In the time period 1978 to 1985 Don Trunkey was an active participant and then leader of the Committee on Trauma of the American College of Surgeons. Don Trunkey described that he and his colleagues on the Committee were “busy trauma surgeons, and we wanted to change the care of trauma patients in the United States.” Don worked with the other members of the Committee on Trauma to establish programs that delivered enduring improvements to the care of injured patients. These programs include the Advanced Trauma Life Support course that has subsequently achieved worldwide distribution.
The Committee members published a book that described what trauma centers needed to provide optimal care-i.e. Resources for Optimal Care of Injured Patients. During Dr Trunkey’s leadership of the Committee on Trauma that organization established a program that verified hospitals had the resources needed to function as trauma centers. There were critics of the process to provide oversight of trauma centers. Undeterred, Don persisted as a candid advocate for having seriously injured patients treated in trauma centers where an experienced team was continually ready.
During his military service also called for optimal of casualties of war.
From 1962 to 1964 Captain Don Trunkey, US Army Medical Corps, Reserves, served in Germany as a general medical officer. He returned to a military in service 1985. He was 48 years old, Professor and Chair of Surgery at Oregon Health & Sciences University and decided to apply for a commission as a surgeon the US Army reserves, explaining that he was “concerned there were not enough surgeons in the Army”. He would later say his only regret was that he did not return to the Army reserves sooner.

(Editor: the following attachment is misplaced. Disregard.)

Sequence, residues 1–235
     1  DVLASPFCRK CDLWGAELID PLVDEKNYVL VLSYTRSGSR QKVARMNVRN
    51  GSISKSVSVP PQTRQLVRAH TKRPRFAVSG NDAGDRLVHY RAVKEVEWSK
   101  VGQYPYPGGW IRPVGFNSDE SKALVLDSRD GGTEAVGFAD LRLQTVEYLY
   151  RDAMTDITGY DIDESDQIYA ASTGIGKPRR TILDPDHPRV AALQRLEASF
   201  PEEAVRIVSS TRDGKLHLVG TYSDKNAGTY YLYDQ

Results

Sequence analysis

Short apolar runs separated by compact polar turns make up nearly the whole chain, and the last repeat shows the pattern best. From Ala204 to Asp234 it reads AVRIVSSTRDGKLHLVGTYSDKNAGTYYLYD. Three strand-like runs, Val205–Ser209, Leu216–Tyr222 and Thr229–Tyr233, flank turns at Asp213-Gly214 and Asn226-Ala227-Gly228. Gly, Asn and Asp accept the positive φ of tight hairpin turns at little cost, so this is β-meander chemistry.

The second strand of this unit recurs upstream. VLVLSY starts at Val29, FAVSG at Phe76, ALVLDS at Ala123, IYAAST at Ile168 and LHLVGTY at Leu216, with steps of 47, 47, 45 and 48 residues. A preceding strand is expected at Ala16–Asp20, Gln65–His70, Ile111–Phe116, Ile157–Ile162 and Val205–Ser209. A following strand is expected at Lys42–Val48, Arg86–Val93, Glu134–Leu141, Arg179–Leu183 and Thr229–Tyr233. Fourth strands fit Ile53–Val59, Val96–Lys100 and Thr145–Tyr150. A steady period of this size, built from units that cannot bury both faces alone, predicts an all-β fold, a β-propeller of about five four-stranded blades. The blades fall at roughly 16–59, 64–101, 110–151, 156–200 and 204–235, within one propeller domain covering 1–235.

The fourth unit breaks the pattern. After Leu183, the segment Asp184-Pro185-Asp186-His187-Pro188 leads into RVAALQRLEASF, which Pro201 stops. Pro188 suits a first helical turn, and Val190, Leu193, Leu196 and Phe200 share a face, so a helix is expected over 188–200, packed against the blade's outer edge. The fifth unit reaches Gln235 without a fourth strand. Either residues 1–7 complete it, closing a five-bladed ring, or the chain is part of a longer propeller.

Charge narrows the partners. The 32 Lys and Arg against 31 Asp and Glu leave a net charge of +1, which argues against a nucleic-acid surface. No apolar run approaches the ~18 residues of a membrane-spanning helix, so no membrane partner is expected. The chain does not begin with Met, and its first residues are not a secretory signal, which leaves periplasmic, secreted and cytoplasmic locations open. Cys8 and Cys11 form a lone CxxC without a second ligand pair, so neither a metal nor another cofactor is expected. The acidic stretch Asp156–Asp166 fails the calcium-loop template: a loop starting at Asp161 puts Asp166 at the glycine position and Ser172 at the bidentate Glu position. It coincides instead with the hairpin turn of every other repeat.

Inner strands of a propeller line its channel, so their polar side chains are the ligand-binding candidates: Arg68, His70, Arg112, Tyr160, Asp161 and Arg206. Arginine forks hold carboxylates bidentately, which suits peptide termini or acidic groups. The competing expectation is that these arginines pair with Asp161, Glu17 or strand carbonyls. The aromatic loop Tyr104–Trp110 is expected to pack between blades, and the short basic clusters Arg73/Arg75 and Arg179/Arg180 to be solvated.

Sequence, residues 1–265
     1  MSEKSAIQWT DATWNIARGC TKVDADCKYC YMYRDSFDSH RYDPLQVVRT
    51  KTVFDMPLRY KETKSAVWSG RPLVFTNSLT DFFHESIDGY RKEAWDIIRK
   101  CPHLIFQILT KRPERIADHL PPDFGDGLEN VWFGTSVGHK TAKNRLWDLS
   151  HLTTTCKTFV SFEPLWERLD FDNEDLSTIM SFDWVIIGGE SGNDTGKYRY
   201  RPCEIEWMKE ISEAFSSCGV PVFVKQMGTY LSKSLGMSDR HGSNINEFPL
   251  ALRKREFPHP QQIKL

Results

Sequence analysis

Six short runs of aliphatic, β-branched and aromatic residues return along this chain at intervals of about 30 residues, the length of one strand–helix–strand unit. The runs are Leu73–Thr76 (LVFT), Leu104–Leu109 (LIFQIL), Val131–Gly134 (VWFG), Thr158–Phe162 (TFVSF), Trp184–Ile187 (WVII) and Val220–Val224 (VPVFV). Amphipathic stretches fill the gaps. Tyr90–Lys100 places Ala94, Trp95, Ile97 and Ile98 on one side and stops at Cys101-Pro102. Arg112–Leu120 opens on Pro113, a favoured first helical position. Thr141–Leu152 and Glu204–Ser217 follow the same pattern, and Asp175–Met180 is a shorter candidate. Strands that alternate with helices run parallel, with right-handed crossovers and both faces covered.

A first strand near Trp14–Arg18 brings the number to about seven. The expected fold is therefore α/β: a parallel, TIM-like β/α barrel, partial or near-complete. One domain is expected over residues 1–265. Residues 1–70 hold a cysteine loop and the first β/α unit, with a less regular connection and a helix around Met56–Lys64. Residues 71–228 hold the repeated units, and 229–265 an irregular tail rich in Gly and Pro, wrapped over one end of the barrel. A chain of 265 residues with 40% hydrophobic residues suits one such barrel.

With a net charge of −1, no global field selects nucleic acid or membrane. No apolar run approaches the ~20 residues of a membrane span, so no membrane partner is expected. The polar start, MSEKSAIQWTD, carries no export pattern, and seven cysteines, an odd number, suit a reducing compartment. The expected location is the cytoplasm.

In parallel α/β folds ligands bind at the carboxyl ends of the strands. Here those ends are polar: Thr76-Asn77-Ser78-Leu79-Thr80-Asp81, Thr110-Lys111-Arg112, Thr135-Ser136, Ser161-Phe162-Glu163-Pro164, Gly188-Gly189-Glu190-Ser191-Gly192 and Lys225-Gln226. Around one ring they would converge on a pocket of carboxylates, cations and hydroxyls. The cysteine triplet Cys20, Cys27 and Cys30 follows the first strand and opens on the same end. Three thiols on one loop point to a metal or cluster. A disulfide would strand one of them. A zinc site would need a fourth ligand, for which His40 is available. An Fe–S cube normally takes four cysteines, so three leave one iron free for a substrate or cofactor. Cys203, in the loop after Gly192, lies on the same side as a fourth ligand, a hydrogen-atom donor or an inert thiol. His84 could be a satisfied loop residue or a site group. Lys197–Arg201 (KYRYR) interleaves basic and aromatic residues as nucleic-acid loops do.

Colonel Trunkey and his hospital unit was called to duty for Desert Shield and Desert Storm in the fall of 1990. His military hospital was in Riyad, Saudi Arabia and treated injured form the SCUD missile attacks, and wounded soldiers evacuated from the battlefield. At the end of what was a brief war, when others were proclaiming success with a low death rates, Colonel Trunkey wrote an after-action report that was critical of several aspects of the Army Medical Corps response to casualties. He provided several recommendations for how the care of casualty could be improved.
One enduring influence of Colonel Trunkey on the care of casualties of war was implementation of training programs in busy civilian trauma centers where military surgeons could acquire experience in the care of seriously injured patients. Multiple training programs were implemented and substantially improved the care provided to wounded soldiers, sailors and Marines during the war on terror following September 11, 2001 attack.
Thousands of surgeons have met Don Trunkey and been inspired by his wisdom and dedication to the care of injured patient. Many young surgeons have vivid memories of Professor Trunkey taking an interest in their work. His ability to inspire surgeons has meant that Don Trunkey will have an enduring influence on the optimal care of injured patients long after his retirement through the work of subsequent trauma surgeons who perpetuate his commitment to the optimal care of injured patients.
October 8, 2018
Richard J Mullins, MD, FACS.